Starting pitcher Jeremy Guthrie delivers in the third inning… (Baltimore Sun photo by Karl…)
It started with Jeremy Guthrie five days earlier in Game 1 of the Buck Showalter era, and it continued with him Sunday as the Orioles orchestrated another quality win against one of baseball's hottest teams.
Under Showalter, the Orioles are getting more clutch hits, playing tighter defense and paying more attention to the little things that had cost them game after game the previous four months. But the primary reason they are winning and no longer look like a pushover is that their starting rotation is on a run the likes of which the Orioles haven't experienced in some time.
Guthrie, the team's best starter for much of the season, allowed just one run in eight innings, and the Orioles survived a tense ninth inning to beat the Chicago White Sox, 4-3, in front of an announced 18,283 at sun-splashed Camden Yards.
Showalter is 5-1 at the helm of the Orioles, who clinched no worse than a four-game series split against the American League Central-leading White Sox. Chicago had lost only 13 of its previous 50 games before dropping two of the first three games of the series.
"You're playing one of the worst teams in baseball. We should come in here and beat these guys," said White Sox starter Mark Buehrle, who took the loss, allowing four runs (three earned) over seven innings. "When you look at their lineup, it's like, 'How is this team that bad?' They got [Brian] Roberts back and that makes their lineup better, and their pitching staff has done a good job of holding our guys down."
Since Showalter took over, Orioles starters have compiled a 1.94 ERA and have quality starts in six consecutive games, the first time that has happened since April 28-May3, 2008.
Nobody has been more impressive than Guthrie, though his effective -- at times dominant -- stretch of starts goes beyond Showalter's arrival. In five outings since the All-Star break, Guthrie is 3-1 with a 1.78 ERA. He has gone seven innings or more in four of those five starts and allowed just 30 hits and three walks in his past 351/3 innings. On Sunday, he allowed six hits and one walk to improve to 6-11 with a 4.04 ERA.
"I understand, I watched. It hasn't been the case all year, but it's not like these guys have never pitched well this year," Showalter said. "And they seem to be feeding off each other. They want to keep the quality starts going, and I'm OK with that. I really am. ÃÂ We pitch like this with our starting pitching, we'll play with anybody or any club. You pitch like this and you make runs matter and the margin [for error] decreases ÃÂ but that's true of any team in baseball."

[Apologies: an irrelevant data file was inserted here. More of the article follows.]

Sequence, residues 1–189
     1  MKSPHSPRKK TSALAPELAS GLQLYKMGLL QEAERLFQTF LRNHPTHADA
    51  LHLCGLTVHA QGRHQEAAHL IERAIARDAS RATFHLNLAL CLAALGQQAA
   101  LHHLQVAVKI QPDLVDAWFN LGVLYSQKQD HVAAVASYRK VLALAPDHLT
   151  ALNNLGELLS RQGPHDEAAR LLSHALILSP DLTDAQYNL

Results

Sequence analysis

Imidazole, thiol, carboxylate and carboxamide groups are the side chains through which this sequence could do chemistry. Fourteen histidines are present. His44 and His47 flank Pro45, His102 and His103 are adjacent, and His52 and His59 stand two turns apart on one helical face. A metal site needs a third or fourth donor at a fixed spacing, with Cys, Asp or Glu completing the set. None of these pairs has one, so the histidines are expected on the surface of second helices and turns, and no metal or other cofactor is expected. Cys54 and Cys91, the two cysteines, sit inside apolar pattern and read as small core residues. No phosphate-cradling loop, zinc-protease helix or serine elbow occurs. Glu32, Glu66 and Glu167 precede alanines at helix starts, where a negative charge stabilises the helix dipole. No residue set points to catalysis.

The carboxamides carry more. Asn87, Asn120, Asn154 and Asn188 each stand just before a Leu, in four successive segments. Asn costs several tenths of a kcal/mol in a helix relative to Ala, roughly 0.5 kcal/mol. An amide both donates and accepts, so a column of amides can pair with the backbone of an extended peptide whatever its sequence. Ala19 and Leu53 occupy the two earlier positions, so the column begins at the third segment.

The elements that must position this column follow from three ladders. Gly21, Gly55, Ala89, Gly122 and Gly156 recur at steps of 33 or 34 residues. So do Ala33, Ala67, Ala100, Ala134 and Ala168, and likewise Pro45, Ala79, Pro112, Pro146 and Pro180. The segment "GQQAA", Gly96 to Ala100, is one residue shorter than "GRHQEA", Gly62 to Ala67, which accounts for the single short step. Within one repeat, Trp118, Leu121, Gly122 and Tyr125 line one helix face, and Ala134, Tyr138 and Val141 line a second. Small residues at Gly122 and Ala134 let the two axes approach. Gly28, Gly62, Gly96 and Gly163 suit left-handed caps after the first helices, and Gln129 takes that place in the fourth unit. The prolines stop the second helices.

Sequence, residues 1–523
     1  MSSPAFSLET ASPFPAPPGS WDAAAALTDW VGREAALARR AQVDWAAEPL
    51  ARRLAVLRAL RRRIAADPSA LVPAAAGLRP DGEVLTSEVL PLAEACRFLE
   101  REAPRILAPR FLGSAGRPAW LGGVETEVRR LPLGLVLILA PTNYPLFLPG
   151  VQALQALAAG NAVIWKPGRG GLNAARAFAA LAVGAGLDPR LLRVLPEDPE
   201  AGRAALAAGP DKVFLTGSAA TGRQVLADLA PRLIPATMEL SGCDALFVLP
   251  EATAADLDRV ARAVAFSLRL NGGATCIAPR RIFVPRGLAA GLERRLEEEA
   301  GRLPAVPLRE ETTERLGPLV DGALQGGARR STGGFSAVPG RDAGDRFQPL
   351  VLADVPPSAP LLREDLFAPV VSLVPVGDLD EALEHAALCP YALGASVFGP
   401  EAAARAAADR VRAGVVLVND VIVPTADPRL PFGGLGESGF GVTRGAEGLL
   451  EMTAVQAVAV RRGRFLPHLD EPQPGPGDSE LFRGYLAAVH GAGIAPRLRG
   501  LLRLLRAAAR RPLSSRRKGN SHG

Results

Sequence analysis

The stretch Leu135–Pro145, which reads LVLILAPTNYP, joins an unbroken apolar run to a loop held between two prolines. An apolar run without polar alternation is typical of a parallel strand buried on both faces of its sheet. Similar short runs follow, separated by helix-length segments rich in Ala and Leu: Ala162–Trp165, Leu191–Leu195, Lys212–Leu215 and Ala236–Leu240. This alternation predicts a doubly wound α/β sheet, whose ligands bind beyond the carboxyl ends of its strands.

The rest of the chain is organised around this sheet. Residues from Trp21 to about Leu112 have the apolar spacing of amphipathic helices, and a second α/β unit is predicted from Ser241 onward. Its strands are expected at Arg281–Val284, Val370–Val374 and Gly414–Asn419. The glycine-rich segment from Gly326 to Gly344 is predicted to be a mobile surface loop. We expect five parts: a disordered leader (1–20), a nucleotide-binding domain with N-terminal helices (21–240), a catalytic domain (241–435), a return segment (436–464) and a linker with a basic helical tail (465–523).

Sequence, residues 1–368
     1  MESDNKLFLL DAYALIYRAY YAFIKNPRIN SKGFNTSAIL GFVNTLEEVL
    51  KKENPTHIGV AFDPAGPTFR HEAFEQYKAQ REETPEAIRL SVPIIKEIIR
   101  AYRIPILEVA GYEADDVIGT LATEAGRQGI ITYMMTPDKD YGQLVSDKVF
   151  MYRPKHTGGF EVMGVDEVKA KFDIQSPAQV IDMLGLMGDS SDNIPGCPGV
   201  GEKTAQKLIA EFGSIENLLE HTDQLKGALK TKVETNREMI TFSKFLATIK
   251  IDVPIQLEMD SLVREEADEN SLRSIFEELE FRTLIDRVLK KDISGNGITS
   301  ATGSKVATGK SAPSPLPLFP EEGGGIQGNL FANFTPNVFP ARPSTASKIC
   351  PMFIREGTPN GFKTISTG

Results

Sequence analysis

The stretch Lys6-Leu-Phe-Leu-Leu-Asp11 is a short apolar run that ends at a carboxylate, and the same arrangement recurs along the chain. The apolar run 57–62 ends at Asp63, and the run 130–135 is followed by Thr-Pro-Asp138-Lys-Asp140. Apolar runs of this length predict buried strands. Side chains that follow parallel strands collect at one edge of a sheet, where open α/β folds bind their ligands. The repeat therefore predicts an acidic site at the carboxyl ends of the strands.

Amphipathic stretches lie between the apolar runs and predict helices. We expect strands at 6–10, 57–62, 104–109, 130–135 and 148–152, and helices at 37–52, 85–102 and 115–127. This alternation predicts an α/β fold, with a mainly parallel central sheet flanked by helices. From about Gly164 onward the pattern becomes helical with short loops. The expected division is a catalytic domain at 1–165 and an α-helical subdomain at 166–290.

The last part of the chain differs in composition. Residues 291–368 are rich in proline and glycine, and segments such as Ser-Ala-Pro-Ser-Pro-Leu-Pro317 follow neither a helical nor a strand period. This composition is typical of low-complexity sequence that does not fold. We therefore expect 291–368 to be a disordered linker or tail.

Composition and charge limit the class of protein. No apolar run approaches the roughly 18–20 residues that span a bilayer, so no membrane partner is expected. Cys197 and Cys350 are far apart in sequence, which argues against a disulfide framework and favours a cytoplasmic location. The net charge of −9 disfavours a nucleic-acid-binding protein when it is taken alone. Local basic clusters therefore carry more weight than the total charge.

There were plenty of other things for the Orioles (37-74) to feel good about. Shortstop Cesar Izturis hit a bloop single in the second inning for his 1,000th major league hit and then made a great diving play to rob Alex Rios of a single to lead off the eighth.
Brian Roberts, Nick Markakis and Ty Wigginton all had RBI hits, and Felix Pie connected for a second-inning solo homer off Buehrle as part of a 10-hit attack against the veteran left-hander.
Closer Alfredo Simon pitched the ninth for his 17th save, allowing a two-run homer to Ramon Castro before retiring the final two batters of the game.
"Pitching and defense wins games," said Markakis, who broke a tie at 1 with an RBI double in the Orioles' two-run sixth. "Our guys are going out there and throwing strikes and getting ahead of guys. I think that's the biggest thing. It allows us to come in there relaxed instead of us having to go out and score two runs every inning. That's when you win those close games, and this past week, we've won those games."
Guthrie was in trouble at times Sunday, allowing at least one runner to reach scoring position in each of his first three innings. However, he held a dangerous Chicago lineup off the scoreboard until Rios' two-out single in the fifth tied the score at 1.
After the hit, Guthrie retired 10 of the final 11 batters he faced on his way to pitching eight innings for the second time this season.
His final pitch was a 93 mph fastball that overpowered Carlos Quentin to give Guthrie a perfect eighth inning and four strikeouts on the afternoon.
"Just trying to be more aggressive," said Guthrie, who allowed totals of 10 earned runs, 16 hits and eight walks in 82/3 innings in his final two starts before the All-Star break. "That's about the only thing I can put a finger on, is throwing more strikes. My goal is to walk zero guys each game and make them hit the ball."
With Koji Uehara warming up in the bullpen and Guthrie's pitch count past 100, Showalter acknowledged that there was some thought of removing the right-hander from the game after the seventh.
However, Guthrie asked Showalter and pitching coach Rick Kranitz to stay in the game for the eighth, and with the way he was pitching, he didn't have to plead his case too much.
"I thought the eighth inning was the key part of the game," Showalter said. "That was impressive. We told him to empty the tank there, and that part of the order, I thought was key. He was outstanding."
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